Table2CSS is Cool

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Two days ago, I wrote about a website that I was working on for a new friend. I mentioned that it was written a while ago, optimized for 800×600. It was rigidly coded, with very complex nested tables, with multi-column and multi-row spans, with absolute positioning, with image backgrounds in each cell, stitching together the desired look.

In the end, it appears to be one cohesive image on the back of any given page. That’s great if you don’t want/need to change anything. But, the second you want to introduce a new element on the page, it becomes maddening at best, and impossible at worst (without working on the actual background images to incorporate your new layout!).

I still haven’t pointed anyone to what site I’m talking about, but that might happen as soon as next week, we’ll see… In the meantime, I’m still just talking theory.

We wanted to embed a YouTube video of one of his most popular songs directly on the home page. In addition, we wanted to incorporate the new PayPal button (referred to in the previous post) on the home page as well, since most of the people who currently visit the site want to buy his CD rather than just poke around (trust me, we know that to be the case).

I tried modifying the tables to accomplish that quite a number of times. Each time, I broke the layout in one way or another, usually in a manner that was simply not acceptable.

Since I had no intention of redoing the entire site yet, and I didn’t want the home page to be jarringly different than the rest of the pages (which weren’t about to change), I was stuck. I decided to search for a conversion tool which would take a table-based design and turn it into a CSS-based one.

I found a great tutorial from someone who did a very complex site by hand, and I appreciate the effort he undertook to share that with the rest of us (and I’ll link to it to share the love). But, I had no interest or intention of doing this by hand.

I then found a site called Table2CSS that sold a tool that does exactly what I wanted. They supplied a trial version (that’s marginally crippled). I installed the trial, converted the home page, and it looked identical to the table version. Perfect!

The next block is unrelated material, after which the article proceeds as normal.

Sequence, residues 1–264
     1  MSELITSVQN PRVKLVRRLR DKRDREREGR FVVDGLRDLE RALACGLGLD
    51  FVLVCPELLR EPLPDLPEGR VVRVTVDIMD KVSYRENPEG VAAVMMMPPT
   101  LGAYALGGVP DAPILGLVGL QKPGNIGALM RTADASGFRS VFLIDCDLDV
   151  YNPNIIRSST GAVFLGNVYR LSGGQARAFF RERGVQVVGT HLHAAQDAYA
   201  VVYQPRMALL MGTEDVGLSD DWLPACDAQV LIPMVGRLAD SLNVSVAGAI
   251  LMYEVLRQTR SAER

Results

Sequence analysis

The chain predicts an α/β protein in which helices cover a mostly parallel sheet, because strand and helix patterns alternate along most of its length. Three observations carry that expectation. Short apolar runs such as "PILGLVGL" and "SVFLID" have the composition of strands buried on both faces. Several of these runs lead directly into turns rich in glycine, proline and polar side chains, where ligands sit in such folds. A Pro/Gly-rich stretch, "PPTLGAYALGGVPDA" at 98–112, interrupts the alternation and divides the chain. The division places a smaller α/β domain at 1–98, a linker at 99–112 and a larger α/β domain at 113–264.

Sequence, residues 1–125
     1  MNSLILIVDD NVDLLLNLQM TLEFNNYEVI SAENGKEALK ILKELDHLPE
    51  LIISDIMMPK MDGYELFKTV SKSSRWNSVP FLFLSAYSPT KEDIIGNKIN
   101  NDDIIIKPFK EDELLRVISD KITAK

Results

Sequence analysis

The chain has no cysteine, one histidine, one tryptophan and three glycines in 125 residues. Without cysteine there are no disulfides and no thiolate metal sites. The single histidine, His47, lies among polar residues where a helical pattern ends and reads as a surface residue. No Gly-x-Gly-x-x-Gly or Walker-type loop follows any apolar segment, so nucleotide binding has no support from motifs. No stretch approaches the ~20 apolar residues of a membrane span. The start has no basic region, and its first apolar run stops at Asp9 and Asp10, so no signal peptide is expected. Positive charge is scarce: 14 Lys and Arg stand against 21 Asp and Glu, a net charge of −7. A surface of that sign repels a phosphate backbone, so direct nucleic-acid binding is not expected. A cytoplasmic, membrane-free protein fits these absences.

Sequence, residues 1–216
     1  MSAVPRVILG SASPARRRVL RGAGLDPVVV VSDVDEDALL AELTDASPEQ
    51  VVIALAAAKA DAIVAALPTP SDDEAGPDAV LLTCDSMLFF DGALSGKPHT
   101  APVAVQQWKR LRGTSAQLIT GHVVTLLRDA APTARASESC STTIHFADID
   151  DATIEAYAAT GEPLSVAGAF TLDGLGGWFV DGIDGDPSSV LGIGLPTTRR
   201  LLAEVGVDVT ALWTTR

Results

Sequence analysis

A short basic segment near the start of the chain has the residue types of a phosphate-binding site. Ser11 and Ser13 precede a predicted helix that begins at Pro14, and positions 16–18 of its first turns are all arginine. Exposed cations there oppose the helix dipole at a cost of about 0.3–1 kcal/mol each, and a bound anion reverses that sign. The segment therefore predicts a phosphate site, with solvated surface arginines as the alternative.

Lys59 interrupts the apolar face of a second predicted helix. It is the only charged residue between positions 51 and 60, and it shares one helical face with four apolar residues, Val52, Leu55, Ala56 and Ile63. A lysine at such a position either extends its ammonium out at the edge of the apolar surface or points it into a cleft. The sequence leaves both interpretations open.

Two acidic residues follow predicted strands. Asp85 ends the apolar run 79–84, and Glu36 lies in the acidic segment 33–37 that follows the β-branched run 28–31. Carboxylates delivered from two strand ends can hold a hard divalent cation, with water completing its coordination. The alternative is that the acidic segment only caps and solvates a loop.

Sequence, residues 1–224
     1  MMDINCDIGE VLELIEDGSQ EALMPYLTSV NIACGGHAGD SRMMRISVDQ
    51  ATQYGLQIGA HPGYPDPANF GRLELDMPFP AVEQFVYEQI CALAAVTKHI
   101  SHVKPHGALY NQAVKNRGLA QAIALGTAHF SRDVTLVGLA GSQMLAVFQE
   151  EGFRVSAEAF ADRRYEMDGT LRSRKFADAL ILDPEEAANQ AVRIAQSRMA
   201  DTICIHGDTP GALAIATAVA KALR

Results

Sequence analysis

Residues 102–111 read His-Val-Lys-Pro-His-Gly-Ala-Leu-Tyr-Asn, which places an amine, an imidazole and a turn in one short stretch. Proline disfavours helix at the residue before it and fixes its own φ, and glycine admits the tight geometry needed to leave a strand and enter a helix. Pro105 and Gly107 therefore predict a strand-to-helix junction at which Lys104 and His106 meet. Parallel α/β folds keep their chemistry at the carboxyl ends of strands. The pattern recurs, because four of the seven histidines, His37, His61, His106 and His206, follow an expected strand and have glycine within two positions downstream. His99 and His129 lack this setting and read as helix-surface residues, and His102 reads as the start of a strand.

Even though that was the only page that I needed/intended to convert for the moment, obviating the need for me to purchase the product, I decided that the author more than earned the $40 (OK, $39.95) 😉 that he was asking for the program, given that he saved me a ton of time already.

Before I continue, I need to point out that there are many articles on the net that claim (rightly so!) that this is a stupid thing to do (or even want to do), as the resulting CSS is absurd at best, basically mimicking each and every table cell in a ridiculous manner. I agree 100%, so I don’t want any reader to think that I endorse this as a wholesale (or default) approach to converting and then maintaining a site (or even a page) using this technique.

That said, I had a singular mission in mind, to achieve a short-term goal, and this tool was perfect for me. I did indeed purchase the product!

Here’s what it allowed me to do. I wanted to embed a YouTube video and the PayPal button (as noted above). Unfortunately, even though I could have used CSS to place the YouTube after the tables were rendered (avoiding having to touch the tables), the embedded video was larger than the blank area avilable on the home page, and spilled (covering) into a number of other areas (keep in mind that this was an 800×600 layout!).

Because the table cells spanned multiple rows and columns, it was extremely difficult to change the size of any cell without breaking the layout horribly. Also, because the cells had images associated with them, that added extra pain.

Even though the CSS layout was as rigid, and absolute, there was no concept of spanning any longer. Each original cell was now a div, taking up as much room as it required. This alone, along with the ability to easily decide when an image should be repeated (because I was growing a cell) or not (because the image wasn’t a simple background gradient) was a big win.

I was able to reposition the cells using pure CSS quite easily. I had to add a repeat for some images, and create one new image as a filler (by cropping an existing image to fit a hole that I created). I was then able to add just two new divs, and two new CSS blocks, one for the video and the other for the PayPal button.

The new home page looks identical to the old one, except for those additions. I don’t love the general look-and-feel of the site (so I’m not praising it, nor my ability to manipulate it), but I accomplished my goal exactly as I had hoped, with significantly less pain than it would have taken without Table2CSS.

So, thanks again Table2CSS for saving me a lot of grief, or more accurately, for enabling me to accomplish a task I would have otherwise foresaken, for sure! 🙂